Gov. Doug Ducey said Monday that Invest in Education Act supporters who blame him for the downfall of the ballot initiative need schooling on how government works.
Ducey’s comments come after Red for Ed and Invest in Ed supporters blamed the governor for an Arizona Supreme Court ruling on Aug. 29 that will keep the initiative, which would have raised taxes on the state’s top earner to fund education, off the November ballot.
“I would point them to a civics 101 class,” Ducey said. “The Supreme Court is a separate and coequal branch.”
Arizona teachers make up a large portion of Invest in Ed supporters.
Proponents of Invest in Ed accused Ducey of “stacking” the Supreme Court in order to further his agenda and kill the citizens initiative. In 2016, Ducey appointed two new justices to the state Supreme Court after the Legislature passed legislation expanding the court from five to seven members at the governor’s behest. He also made an appointment in 2015.
Invest in Ed supporters say Ducey’s appointed justices played a major role in killing the ballot initiative. It is too early to know, though.
The Supreme Court ruling was a split decision, but the five-paragraph preliminary ruling does not indicate where each justice stood in the debate. A more extensive written ruling will be issued in the future that will disclose the split and further explain the ruling.
A majority of the justices ruled that the initiative description of Invest in Ed’s proposed tax hike on the wealthiest Arizonans and the omission of any language describing how the law would affect income tax brackets for Arizonans at every income level was inadequate.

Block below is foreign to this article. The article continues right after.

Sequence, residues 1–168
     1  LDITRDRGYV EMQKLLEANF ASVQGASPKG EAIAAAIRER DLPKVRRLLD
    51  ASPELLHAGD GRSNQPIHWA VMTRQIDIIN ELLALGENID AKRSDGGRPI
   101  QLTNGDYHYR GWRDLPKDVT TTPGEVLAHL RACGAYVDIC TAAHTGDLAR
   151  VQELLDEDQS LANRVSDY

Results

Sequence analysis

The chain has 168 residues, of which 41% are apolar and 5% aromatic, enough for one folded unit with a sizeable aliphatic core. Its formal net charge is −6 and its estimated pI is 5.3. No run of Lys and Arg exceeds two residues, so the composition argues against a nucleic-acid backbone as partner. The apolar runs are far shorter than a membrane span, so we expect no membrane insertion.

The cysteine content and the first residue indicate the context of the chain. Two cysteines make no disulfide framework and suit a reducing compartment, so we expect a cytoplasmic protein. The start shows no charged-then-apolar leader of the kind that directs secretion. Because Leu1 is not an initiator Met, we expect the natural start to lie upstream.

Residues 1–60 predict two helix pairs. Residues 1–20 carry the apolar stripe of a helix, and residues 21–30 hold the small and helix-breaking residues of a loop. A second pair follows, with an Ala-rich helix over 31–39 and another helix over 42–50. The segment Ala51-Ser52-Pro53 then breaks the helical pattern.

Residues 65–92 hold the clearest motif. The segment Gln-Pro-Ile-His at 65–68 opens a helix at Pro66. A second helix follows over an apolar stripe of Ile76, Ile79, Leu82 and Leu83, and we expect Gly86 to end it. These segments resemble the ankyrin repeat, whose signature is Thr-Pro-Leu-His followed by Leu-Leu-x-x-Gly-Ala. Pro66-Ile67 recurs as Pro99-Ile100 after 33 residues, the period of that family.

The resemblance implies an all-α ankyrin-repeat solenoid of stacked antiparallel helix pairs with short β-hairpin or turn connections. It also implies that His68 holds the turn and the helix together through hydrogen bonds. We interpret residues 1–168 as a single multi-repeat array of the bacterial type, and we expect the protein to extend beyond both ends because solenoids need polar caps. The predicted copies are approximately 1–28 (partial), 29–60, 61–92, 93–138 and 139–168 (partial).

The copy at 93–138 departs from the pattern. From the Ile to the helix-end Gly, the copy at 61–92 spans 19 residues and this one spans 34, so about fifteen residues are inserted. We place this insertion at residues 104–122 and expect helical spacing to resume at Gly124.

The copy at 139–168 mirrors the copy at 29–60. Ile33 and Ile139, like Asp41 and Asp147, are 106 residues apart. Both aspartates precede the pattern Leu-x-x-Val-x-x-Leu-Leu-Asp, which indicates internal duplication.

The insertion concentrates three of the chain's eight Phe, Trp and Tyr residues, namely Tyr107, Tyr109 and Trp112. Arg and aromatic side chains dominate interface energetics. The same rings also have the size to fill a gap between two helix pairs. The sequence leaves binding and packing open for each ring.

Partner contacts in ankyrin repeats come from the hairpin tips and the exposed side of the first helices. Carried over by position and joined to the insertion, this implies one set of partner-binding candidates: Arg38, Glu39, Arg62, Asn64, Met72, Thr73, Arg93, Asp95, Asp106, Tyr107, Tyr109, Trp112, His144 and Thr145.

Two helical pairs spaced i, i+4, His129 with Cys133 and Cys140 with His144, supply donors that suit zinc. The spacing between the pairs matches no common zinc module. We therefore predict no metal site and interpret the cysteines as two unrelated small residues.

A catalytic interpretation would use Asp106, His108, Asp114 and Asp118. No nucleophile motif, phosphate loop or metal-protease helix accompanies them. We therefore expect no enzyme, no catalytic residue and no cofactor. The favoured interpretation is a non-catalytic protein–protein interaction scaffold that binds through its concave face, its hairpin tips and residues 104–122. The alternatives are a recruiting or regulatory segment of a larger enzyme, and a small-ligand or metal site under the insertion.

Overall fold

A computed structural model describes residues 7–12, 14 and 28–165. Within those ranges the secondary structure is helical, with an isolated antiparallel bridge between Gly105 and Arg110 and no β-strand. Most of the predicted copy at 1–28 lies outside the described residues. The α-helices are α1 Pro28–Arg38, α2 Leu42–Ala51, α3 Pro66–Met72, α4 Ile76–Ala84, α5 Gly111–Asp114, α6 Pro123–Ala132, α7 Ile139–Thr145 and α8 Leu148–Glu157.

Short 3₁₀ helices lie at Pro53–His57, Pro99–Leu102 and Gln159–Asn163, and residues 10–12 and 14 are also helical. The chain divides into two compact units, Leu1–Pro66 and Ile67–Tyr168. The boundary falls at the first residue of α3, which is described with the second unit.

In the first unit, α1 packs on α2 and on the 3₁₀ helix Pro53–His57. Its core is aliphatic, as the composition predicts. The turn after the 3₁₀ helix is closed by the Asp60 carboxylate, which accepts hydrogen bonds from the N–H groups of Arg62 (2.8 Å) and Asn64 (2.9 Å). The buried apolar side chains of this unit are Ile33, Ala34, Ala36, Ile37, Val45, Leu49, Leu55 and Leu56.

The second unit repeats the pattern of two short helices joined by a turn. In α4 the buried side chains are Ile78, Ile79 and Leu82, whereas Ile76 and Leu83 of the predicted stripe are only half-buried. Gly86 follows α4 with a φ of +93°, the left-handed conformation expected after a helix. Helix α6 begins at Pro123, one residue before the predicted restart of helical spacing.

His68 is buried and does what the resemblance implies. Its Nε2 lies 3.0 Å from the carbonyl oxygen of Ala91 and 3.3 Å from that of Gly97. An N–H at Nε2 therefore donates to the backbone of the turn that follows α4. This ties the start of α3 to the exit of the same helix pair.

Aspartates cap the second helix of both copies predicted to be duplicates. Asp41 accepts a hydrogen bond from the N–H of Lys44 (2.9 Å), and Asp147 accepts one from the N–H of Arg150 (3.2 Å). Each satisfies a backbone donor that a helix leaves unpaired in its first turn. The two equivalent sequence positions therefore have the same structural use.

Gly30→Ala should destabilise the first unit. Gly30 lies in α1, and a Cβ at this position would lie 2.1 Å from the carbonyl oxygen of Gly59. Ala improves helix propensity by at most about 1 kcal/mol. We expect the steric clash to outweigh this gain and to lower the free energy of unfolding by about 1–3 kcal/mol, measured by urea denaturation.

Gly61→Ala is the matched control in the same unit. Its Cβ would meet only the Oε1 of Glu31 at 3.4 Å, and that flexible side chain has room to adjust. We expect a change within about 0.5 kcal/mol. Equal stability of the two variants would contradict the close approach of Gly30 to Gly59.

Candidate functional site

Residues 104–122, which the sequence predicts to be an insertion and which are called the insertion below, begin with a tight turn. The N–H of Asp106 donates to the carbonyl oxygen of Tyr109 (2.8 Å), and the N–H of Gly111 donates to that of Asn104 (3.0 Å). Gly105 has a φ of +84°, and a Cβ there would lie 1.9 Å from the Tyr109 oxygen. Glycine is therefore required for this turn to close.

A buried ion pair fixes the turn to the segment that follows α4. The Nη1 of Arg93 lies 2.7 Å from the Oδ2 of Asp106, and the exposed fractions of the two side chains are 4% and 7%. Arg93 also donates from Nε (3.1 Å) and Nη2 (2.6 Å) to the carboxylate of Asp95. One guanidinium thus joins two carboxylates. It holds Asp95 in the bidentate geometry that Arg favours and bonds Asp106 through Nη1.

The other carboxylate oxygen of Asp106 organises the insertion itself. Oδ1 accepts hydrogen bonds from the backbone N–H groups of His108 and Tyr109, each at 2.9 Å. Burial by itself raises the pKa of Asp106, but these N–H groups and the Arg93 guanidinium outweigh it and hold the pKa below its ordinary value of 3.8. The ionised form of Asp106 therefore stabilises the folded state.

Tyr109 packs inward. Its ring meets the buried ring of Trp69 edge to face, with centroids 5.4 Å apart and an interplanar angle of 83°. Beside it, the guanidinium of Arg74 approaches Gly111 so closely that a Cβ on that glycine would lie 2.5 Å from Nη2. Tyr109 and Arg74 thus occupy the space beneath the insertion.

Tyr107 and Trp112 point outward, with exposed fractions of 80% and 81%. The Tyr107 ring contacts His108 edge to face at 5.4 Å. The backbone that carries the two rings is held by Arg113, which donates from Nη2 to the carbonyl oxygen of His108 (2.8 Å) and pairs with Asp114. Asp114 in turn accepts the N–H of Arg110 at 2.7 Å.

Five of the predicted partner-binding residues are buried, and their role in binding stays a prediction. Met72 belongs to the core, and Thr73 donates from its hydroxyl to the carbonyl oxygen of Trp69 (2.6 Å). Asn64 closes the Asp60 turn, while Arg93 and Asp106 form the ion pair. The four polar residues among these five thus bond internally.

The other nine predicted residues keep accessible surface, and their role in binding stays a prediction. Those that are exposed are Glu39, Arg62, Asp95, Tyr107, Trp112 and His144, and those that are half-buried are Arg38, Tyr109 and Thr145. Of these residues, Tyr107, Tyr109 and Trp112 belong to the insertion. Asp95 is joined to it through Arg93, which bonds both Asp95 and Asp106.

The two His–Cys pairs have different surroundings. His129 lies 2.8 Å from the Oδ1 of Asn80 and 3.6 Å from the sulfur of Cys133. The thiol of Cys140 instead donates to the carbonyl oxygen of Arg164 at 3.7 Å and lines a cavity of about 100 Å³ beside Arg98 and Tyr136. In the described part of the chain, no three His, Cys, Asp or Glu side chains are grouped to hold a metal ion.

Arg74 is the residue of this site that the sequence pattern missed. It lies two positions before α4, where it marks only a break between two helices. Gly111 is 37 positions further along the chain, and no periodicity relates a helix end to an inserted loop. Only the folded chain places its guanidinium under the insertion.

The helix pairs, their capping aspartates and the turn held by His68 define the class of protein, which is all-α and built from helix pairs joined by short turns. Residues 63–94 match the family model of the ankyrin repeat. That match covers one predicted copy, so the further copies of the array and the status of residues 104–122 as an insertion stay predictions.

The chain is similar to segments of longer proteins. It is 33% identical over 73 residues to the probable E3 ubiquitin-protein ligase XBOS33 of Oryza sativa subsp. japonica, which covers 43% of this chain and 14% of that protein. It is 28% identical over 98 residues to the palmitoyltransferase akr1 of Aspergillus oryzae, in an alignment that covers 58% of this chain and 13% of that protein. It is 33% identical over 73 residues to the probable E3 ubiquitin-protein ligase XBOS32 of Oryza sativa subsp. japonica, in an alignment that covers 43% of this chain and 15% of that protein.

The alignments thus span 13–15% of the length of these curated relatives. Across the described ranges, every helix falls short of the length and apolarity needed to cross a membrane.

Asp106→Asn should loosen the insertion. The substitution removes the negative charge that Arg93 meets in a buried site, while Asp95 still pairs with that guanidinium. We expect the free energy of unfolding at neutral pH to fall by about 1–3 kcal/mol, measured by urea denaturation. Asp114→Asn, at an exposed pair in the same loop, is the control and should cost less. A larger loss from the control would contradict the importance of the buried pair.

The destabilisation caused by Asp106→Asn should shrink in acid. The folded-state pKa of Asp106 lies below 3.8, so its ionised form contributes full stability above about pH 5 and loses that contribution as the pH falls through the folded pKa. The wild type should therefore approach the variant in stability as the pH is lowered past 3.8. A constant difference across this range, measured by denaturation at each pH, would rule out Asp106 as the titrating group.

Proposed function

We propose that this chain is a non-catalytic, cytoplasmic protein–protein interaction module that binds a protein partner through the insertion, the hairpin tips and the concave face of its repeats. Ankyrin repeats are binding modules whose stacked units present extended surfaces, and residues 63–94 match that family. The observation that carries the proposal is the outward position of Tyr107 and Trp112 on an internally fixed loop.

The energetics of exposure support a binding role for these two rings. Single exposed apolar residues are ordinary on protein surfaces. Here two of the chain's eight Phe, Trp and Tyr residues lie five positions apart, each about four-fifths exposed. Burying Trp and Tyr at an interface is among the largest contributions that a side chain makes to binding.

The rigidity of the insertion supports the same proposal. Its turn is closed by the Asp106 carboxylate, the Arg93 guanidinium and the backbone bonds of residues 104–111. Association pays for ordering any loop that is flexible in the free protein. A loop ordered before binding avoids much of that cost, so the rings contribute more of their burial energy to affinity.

The two factors created “a significant danger of confusion or unfairness,” Chief Justice Scott Bales wrote in the decision barring the initiative from a vote on the November ballot.
Ducey said Monday after a campaign event he respects the high court’s decision that the initiative could have been misleading to voters.
Ducey has repeatedly refused to comment on ballot initiatives before they make it on the ballot, but he indicated that his thoughts on Invest in Ed were already clear.
“Everyone knew I was not in favor of the tax increase,” he said. Ducey said he looks forward to reading the full opinion when it is released.
After the Supreme Court decision, Red for Ed supporters quickly lashed out against the court, the governor and the Arizona Chamber of Commerce and Industry — a major opponent of the initiative — for Invest in Ed’s demise. Red for Ed supporters, who spent months collecting approximately 270,000 signatures to put the initiative on ballot, have held protests at the Supreme Court and the Chamber to vent their anger at the high court’s ruling.
Red for Ed supporters are now working to channel their energy into getting pro-public education candidates up and down the ballot elected to office this November. One candidate they are backing is Democratic gubernatorial candidate David Garcia, who also bashed Ducey for the Supreme Court decision.
After the ruling, Garcia labeled the Supreme Court as Ducey’s “cronies” in a fundraising email.
“The stakes in the race for Governor of Arizona have just changed — utterly and irrevocably. Doug Ducey’s hand-picked Supreme Court just removed the Invest in Education initiative from the ballot,” Garcia said in the email.
The Invest in Ed ballot measure sought to raise taxes on income above $250,000, a move they estimated would boost funding for K-12 public schools by $690 million.
Clarification: This story has been updated to clarify that Gov. Doug Ducey said supporters of the Invest in Education Act who blame him for the initiative’s downfall are in need of a civics lesson, not teachers who blame him for the downfall.